Live 14 Years Longer: Stop Smoking

cigaretteIf you have already stopped smoking (like me!), pat yourself on the back. You will live 14 and a half years longer than someone who is still lighting up.

Smoking is scary, and there are people I love who still do it. I'll definitely forward this story my brother, close friend and others who I wish would quit. After all, November was Lung Cancer Awareness Month.


Even though smoking takes an average of 14.5 years off women's lives, almost one in five American women age 18 and older smokes.

"The damaging effects of smoking on women are extensive, well-documented, and can be observed from the cradle to the premature grave," Dr. Sharon Phelan said in an organization news release for The American College of Obstetricians and Gynecologists. She helped develop ACOG's smoking cessation materials for health care providers.

  • Smoking is the main cause of lung cancer, the leading cause of cancer death in women.
  • Smoking also significantly increases the risk of many other cancers in women, including breast, oral, pharynx, larynx, esophageal, pancreatic, kidney, bladder, uterine, and cervical cancers.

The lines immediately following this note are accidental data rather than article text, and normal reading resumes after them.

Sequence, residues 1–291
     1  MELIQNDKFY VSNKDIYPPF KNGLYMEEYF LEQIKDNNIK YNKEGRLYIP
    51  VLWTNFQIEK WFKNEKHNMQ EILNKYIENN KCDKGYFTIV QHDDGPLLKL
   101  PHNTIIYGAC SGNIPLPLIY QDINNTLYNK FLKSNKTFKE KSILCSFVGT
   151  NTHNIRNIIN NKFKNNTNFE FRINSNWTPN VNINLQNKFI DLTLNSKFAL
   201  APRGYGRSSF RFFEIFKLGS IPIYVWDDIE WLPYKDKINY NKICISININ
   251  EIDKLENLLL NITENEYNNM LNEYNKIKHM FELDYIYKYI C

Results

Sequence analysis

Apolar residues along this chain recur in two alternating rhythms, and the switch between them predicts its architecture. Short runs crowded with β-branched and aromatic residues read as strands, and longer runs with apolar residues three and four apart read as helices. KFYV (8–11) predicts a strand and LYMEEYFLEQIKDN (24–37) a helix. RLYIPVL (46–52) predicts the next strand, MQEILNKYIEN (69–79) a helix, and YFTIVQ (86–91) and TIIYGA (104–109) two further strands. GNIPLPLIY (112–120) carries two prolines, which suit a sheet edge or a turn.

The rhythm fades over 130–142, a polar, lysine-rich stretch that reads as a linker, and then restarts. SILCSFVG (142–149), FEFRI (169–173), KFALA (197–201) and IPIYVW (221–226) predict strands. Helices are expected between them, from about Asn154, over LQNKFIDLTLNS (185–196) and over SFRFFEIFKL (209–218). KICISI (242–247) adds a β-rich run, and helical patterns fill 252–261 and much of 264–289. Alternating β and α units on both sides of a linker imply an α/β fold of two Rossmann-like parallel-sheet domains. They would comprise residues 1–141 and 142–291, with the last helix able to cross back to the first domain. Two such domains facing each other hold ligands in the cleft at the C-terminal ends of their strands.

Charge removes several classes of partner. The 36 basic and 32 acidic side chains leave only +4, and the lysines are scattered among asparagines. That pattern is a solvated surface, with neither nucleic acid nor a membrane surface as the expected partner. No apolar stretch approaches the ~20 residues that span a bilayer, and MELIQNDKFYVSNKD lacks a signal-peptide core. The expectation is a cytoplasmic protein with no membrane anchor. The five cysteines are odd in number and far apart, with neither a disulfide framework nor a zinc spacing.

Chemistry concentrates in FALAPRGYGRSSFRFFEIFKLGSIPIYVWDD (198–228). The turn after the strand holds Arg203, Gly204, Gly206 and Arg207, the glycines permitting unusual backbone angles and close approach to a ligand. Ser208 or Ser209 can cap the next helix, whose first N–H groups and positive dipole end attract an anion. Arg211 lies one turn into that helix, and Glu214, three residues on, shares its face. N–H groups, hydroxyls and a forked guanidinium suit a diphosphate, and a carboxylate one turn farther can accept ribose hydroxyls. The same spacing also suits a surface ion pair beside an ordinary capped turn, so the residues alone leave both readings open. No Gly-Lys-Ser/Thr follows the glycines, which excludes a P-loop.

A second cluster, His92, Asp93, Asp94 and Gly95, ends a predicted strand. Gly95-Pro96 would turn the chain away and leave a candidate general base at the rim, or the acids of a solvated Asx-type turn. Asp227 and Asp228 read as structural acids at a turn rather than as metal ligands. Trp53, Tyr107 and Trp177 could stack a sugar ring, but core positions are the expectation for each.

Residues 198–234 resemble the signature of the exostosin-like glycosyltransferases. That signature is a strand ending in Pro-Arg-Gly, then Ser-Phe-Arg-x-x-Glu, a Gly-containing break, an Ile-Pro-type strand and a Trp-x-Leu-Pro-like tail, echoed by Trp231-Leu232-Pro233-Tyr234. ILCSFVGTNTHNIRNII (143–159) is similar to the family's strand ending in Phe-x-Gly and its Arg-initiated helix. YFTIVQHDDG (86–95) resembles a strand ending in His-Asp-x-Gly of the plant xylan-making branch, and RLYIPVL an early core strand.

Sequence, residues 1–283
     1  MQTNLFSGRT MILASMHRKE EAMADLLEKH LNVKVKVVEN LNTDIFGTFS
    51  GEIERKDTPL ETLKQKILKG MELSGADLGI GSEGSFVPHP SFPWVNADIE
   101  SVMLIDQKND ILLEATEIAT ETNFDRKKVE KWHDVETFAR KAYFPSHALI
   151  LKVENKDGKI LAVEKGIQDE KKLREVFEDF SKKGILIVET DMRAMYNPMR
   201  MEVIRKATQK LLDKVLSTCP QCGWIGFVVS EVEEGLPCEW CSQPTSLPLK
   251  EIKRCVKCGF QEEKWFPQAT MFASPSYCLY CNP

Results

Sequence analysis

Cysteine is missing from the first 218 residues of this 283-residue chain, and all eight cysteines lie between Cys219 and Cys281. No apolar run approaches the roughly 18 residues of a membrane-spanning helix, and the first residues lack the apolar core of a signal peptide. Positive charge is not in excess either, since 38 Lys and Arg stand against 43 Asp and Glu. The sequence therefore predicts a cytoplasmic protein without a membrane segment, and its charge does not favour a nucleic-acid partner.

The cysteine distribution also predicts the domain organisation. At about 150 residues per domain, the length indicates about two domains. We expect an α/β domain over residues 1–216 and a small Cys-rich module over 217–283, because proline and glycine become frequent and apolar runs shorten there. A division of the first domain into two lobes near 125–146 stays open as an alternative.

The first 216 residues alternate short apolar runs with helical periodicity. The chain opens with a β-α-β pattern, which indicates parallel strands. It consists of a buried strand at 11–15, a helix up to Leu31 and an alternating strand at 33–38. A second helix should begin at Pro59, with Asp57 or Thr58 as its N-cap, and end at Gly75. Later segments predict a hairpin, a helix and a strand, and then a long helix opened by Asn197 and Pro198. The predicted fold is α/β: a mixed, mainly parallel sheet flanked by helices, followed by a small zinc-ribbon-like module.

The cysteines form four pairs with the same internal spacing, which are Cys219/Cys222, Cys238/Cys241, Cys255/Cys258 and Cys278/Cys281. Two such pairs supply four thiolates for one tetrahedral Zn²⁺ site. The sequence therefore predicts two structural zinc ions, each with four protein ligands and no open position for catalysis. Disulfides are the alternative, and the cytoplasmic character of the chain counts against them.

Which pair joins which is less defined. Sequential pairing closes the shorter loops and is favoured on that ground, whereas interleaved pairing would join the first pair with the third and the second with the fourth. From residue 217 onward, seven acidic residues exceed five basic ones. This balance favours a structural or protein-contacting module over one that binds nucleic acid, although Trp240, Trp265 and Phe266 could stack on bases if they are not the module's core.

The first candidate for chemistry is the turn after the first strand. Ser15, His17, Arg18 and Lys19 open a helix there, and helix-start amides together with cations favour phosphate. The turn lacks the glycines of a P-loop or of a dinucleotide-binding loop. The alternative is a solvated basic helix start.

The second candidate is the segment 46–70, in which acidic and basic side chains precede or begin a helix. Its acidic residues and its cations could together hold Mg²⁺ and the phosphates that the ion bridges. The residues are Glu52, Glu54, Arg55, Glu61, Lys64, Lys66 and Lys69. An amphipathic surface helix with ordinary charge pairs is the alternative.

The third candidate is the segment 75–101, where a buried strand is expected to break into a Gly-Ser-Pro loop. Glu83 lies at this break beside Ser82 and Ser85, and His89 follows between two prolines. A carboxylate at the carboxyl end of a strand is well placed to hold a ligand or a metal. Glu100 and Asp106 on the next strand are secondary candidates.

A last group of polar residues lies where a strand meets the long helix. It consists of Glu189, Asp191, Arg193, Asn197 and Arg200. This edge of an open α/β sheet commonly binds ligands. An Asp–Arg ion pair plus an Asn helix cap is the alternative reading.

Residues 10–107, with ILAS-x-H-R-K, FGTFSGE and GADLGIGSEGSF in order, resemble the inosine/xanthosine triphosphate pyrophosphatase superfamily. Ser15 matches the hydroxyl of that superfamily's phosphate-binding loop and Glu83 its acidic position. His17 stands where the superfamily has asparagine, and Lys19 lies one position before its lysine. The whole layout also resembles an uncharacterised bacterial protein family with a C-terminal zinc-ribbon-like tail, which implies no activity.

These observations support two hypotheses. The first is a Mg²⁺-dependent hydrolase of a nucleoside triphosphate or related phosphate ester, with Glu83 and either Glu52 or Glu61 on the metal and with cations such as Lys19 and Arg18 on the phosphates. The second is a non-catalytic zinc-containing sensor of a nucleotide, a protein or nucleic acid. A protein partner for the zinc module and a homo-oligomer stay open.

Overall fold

• Women who smoke are twice as likely to develop coronary heart disease and 10 times more likely to die from chronic obstructive pulmonary disease (COPD) than nonsmokers.
  • Smoking increases the risk of emphysema, bronchitis, osteoporosis, rheumatoid arthritis, cataracts, lower bone density after menopause, and hip fracture.
  • Reproductive-age women who smoke may have trouble conceiving, and pregnant women who smoke are at high risk of delivering preterm or low birth weight infants or having babies with poor lung function, bronchitis or asthma.
  • Women over age 35 who smoke and take birth control pills are at risk for developing deadly blood clots.

If you need tips, check out the Stop Smoking Support Group.

Is there someone in your life who you wish would stop smoking?

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